GamingGlen wrote:So you took one lousy example, show that it's not all that effective, and say the game is good.
No, I took an extreme example and demonstrated that while powerful, it's not quite as jaw-dropping as it looked at first glance. I didn't say the game was "good"; I was inviting further discussion.
By the way, very few book ships have a chance to shoot down the seekers at striking time since few book point defense weapons have Dfn. Pnp by itself is nearly worthless as a point defense option.
Because none of the book ships were designed to counter ships with seeking weapons, much less ships whose entire arsenal consists of seeking weapons. (As you imply, the point values should still account for this, but don't disparage the designs for failing to defend against things that don't exist.
Any game with a design aspect will see people try to find ways to “min/max” as part of the challenge. When the game becomes all about that it becomes Rock Paper Scissors as far as I am concerned.
No one is saying that is all the game is about. I like ship designing, ever since Traveller's 3 little books came out. But if exploits exist in the system they should be fixed, not house ruled by people who paid for the game.
Agreed. I will, however, wait until all the evidence is in.
No one is saying that the game is broken, just some parts of it are. Perhaps all that is needed is a re-evaluation of some of the values. For instance, I see by Beowulf's new design that Carronade is too cheap.
I had not really looked at Carronade from this angle. (Of course, doing so requires expanding available weapon ranges to 27, but that's neither here nor there.)
When comparing apples to apples (i.e. a carronade weapon and a non-carronade weapon with the same base range value), the multiplier of 0.6 makes sense. For range-based traits, I assume 50% of combat will occur at long range, 33% will occur at medium range, and 17% at short range. I further assume a default to-hit of 4+. For the non-carronade weapon, this means an average hit chance of 44%. For the carronade weapon, the average hit chance is 28%. 28%/44% = 0.64, rounded to 0.6.
However, if you compare apples to oranges (which I freely admit I never did), the carronade weapon does gain an advantage. Doing the math, a carronade weapon of range 18 costs 90% of a non-carronade weapon of range 12, but has the same effective range and a better average hit chance (using the above assumptions, 56% vs. 44%). Overall, that makes carronades about 40% more powerful than their point cost implies.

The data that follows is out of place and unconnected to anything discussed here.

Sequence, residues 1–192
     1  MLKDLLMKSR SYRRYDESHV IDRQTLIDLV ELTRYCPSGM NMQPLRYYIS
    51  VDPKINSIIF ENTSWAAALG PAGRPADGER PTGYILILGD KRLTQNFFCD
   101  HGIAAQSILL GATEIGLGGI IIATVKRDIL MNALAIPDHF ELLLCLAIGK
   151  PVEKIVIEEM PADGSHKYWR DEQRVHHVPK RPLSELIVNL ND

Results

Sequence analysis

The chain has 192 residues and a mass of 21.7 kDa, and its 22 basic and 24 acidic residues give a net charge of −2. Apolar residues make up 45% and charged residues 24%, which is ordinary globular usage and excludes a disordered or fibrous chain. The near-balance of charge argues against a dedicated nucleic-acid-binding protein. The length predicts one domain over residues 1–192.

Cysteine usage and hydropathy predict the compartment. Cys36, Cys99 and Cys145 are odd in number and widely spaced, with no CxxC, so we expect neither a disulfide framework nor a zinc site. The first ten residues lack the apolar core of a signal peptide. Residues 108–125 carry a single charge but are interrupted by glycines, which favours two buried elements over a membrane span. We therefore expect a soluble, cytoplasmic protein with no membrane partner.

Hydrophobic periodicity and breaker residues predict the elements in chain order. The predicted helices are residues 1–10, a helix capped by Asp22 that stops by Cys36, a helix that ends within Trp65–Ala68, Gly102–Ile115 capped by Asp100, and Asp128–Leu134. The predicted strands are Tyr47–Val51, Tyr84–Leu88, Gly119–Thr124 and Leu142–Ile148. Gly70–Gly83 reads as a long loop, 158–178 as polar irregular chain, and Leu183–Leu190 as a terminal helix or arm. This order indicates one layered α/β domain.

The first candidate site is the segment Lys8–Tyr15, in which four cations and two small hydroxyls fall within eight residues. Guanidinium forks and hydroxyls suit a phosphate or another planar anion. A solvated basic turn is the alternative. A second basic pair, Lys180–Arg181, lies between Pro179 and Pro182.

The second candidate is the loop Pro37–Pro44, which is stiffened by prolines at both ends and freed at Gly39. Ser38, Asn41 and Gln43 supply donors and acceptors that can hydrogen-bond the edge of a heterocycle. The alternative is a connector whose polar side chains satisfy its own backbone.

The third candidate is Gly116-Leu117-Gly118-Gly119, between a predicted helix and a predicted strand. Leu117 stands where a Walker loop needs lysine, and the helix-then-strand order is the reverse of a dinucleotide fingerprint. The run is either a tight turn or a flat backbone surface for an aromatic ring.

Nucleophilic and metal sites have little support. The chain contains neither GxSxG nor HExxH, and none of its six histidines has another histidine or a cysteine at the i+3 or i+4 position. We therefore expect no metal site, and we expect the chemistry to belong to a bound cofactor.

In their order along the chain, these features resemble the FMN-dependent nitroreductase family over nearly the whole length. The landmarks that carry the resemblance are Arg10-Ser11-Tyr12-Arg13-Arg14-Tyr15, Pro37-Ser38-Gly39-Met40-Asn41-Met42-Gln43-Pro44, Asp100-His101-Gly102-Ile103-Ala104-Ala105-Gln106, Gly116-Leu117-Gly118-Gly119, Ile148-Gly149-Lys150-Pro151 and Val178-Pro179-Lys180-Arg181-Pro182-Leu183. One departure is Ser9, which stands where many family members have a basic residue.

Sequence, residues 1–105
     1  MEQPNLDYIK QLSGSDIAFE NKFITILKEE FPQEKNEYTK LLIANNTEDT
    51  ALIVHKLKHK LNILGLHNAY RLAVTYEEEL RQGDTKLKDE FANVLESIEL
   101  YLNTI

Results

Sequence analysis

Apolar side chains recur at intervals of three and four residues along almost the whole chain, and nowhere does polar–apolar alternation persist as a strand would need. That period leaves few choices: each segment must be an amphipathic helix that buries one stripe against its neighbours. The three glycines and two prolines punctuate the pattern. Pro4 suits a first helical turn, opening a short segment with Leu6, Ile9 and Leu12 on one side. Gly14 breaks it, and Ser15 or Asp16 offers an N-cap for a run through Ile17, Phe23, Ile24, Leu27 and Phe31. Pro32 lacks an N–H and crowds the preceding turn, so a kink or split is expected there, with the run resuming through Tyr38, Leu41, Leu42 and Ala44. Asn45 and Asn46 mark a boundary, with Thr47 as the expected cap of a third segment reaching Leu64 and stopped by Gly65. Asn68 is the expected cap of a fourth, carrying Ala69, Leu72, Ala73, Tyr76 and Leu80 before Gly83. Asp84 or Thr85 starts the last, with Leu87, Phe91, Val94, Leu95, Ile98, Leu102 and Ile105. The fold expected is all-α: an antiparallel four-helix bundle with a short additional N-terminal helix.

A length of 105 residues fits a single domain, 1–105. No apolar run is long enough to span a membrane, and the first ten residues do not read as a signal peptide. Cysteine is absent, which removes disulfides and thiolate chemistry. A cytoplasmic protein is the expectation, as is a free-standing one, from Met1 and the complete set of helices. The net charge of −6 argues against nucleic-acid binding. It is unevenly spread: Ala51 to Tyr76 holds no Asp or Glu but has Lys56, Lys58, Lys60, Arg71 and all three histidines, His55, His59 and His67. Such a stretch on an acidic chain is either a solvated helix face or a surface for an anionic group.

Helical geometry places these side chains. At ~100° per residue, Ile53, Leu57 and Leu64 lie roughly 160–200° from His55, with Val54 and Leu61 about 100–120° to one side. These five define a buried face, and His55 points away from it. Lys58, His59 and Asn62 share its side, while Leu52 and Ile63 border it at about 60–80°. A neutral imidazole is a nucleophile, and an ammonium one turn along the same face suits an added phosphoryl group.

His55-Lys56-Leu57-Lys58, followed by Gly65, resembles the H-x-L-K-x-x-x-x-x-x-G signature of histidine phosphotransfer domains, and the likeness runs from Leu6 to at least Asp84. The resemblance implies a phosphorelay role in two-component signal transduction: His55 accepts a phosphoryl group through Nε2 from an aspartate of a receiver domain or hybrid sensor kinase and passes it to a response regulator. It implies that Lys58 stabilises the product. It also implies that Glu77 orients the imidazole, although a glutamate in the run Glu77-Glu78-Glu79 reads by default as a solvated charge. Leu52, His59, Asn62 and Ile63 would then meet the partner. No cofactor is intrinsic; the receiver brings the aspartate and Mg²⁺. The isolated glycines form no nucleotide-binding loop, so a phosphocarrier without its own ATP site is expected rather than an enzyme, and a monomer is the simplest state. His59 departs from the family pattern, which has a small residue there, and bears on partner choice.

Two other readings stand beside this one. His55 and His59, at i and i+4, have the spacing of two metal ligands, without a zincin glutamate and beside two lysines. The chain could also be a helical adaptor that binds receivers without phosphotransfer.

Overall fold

Clearly, the multiplier needs to be adjusted. I would recommend 0.8 as a starting point.*
Yet the designer says that should not matter. What the high TLs do is show the flaws in the system. Broken designs only show the problem in a big way, designs that happen to use exploits unintentionally will have an advantage. A very small one that will most likely have less effect due to actual tactical play and die rolls, but it is there.
You are right. The TL should not matter. The point value is based on the final capabilities of the ship.
However, adding weapons without also adding to defenses means ships become fragile eggshells which only last a turn or two in combat. This not only makes the game less fun (IMHO) it lessens the opportunity for die rolls and tactical choices to even out. Point costs are based on an average across a number of turns, and there is an implicit assumption that games will last a certain amount of time. If ships are designed in such a way, via a combination of high weapon TLs and a seeking arsenal, that they can dish out a crap-ton of damage in one blow, and the opponents don't have a commensurate defensive capability, the game is going to "break".
*FWIW, regarding carronades, the discrepancy is that, while I weight the long range band for purposes of evaluating range-based traits, for ease of computation, the range value of a weapon is treated as a linear multiplier.
Just in case you were wondering.